The first vacuum system ever

In 1961, Centralsug AB installed the first vacuum waste system in the world at Sollefteå Hospital. The system is still in operation today with many original parts from the early 1960s.

The first vacuum system in a residential area

But it was dust vacuum systems that kept business going for Centralsug in the following years. Despite many attempts to convince others of this waste technology, it nevertheless took until 1965, four years after the first installation, before Fastighets AB Förvaltaren, a municipality-owned housing company in Sundbyberg, decided to give it a try. So the first vacuum system for household waste in the world was installed in the completely new residential district of Ör-Hallonbergen. This system is also still in operation today.

Many years later Centralsug changed its name to Envac. But that is a different story.

Envac has 35 offices in 22 countries in and the group is organized in four business regions:

  • Asia Pacific
  • Middle East and India
  • North Europe
  • South Europe and the Americas

In addition, Envac AB owns Envac Optibag AB, Sweden (100%).

Envac is fully owned by Stena Adactum AB, a company in the Stena Sphere. The Stena Sphere generated total revenue of 51 billion SEK in 2016, while profit before tax amounted to 7,2 billion SEK. The number of employees is approximately 19,000.

President & CEO of Envac AB is Mr Joakim Karlsson, and Chairman of the Board Mr Christer Öjdemark.

The greatest advantages of the vacuum technology lies within the sustainability area. By moving the transport of waste under ground, we create an important improvement of the waste collection at the same time as we improve urban, living and working environments.

Envac and the UN's Sustainable Development Goals

The UN’s Sustainable Development Goals, which seek to transform the world by 2030, calls for resilient infrastructure, inclusivity and sustainable industrialisation and innovation. Of its 17 primary goals the 11th goal – sustainable cities and communities - states that by 2030, cities must be inclusive, safe, resilient and sustainable.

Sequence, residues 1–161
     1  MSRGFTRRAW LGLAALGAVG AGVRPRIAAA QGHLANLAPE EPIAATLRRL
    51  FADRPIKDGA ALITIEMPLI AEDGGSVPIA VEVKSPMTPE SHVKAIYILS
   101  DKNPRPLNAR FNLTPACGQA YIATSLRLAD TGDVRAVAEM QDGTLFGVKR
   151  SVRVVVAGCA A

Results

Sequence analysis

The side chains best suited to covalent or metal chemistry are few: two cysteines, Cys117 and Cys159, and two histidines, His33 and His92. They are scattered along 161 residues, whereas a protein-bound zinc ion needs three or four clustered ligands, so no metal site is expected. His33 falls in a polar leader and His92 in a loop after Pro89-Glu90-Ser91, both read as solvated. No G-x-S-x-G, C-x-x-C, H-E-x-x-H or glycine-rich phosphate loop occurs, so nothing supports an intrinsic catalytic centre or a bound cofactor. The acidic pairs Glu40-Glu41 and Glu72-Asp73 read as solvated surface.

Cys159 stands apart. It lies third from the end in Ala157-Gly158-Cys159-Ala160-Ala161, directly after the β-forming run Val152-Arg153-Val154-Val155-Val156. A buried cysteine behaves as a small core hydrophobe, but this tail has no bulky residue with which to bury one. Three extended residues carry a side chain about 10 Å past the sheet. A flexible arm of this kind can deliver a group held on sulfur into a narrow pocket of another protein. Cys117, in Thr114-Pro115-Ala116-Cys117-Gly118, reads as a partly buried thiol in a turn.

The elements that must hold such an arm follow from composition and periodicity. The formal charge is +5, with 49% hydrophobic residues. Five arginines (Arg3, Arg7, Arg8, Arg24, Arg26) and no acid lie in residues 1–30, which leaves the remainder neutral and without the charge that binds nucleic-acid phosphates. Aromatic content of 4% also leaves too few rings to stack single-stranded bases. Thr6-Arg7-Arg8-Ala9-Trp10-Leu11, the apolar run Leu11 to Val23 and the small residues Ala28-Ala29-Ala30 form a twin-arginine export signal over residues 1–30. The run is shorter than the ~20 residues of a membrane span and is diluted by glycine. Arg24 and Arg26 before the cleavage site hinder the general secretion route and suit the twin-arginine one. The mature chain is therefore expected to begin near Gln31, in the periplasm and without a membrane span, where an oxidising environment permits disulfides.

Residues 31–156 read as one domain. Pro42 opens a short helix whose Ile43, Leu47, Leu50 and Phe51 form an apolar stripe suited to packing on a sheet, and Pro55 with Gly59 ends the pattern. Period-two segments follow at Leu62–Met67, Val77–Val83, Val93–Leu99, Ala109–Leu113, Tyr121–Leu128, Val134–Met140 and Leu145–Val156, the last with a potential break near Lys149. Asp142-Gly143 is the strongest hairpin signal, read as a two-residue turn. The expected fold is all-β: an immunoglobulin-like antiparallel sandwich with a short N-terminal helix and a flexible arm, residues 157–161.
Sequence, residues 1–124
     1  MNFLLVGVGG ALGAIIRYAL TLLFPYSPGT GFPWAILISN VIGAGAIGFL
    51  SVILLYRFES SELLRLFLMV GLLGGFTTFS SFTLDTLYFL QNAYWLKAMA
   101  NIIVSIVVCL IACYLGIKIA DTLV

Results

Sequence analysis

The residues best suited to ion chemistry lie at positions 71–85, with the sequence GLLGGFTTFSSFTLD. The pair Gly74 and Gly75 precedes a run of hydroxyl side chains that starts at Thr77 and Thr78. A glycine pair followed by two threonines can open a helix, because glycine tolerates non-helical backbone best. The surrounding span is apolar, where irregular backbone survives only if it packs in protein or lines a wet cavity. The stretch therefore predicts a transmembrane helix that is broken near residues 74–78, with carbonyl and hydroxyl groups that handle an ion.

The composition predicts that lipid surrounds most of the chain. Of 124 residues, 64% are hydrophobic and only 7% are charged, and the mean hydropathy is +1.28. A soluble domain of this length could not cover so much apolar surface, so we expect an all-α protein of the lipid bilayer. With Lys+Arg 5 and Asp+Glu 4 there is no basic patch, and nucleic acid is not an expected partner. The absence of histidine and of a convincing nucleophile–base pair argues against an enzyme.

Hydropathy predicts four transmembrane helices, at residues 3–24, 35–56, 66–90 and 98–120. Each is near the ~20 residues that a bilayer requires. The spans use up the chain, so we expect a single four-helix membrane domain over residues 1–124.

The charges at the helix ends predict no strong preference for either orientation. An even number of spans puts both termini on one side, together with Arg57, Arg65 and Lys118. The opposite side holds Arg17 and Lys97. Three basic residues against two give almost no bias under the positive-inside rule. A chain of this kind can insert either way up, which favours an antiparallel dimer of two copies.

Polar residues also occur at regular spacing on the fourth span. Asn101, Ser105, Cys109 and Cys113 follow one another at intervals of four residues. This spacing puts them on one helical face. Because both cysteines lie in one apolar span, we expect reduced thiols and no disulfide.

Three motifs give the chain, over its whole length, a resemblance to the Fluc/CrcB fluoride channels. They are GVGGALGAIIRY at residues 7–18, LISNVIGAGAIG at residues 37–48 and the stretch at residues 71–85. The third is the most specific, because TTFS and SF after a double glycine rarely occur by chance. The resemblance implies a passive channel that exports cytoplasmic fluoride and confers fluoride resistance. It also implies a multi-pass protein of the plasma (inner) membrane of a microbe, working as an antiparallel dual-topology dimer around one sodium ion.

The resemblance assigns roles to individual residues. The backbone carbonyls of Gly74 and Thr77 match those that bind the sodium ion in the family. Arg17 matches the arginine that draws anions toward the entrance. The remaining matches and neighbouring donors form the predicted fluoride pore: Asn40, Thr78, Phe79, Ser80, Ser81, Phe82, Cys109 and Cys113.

Achieving Goal 11

Envac has the capacity to transform cities and make waste collection an integral component in achieving Goal 11. By transporting municipal solid waste underground using air, cities can become:

Safer

  • Lessvehicle movements made by waste collection vehicles means less risk to those who live and work in cities
  • Lessvehicle movements creates less carbon emissions, making cities’ air cleaner
  • Lessmanual handling reduces the physical pressure placed on waste collection teams

Resilient

  • Climate change continues to generate unusual weather patterns that have caused flooding, storms and hurricanes. With Envac, waste collection remains uninterrupted even in the harshest of conditions
  • When Hurricane Sandy hit New York in October 2013 the Envac system on Roosevelt Island remained operational, collecting waste through its 33 inlets, whilst conventional waste collection vehicles were being used to remove storm-related rubbish from the streets including furniture, abandoned cars and rubble

Inclusive

  • Envac contributes to the growth in social capital - the value of an area based on its low rate of crime, antisocial behaviour and violence. In helping to provide clean environments and by encouraging a ‘little and often’ approach to depositing waste – in tandem with storing and transporting waste underground – Envac can help provide a climate for harmonious living

A global crisis or global opportunity?

Meeting Goal 11 does not need to be left to the eleventh hour. Yet with growing pressure on cities time is running out.

According to the United Nations:

  • Half of humanity – 3.5 billion people – lives in cities today.
  • By 2030, almost 60 per cent of the world’s population will live in urban areas
  • The world’s cities occupy just 3 per cent of the Earth’s land, but account for 60-80 per cent of energy consumption and 75 per cent of carbon emissions
  • Rapid urbanisation is exerting pressure on fresh water supplies, sewage, the living environment and public health.

An Envac city is a sustainable city

Attitudes to waste collection and recycling have changed over recent decades. The appetite for recycling has grown and recycling figures have increased

However, in contemporary urban environments and densely populated cities, theprocessof waste collection is now as important as theoutputof waste collection.

Quite simply, we can no longer focus solely on the materials we avoid sending to landfill in order to become sustainable. In a modern world, sustainable waste collection must begin at the planning phase of any modern development.

Envac’s ability to reduce carbon emissions, create cleaner environments and provide continuity of service means that its inclusion in cities’ resilience strategies is inevitable.

More importantly, as we approach 2030, it is clear thatEnvac is a key contributor to the creation of sustainable communitiesand a viable route towards achieving one of the 17 goals that the United Nations has committed to reach.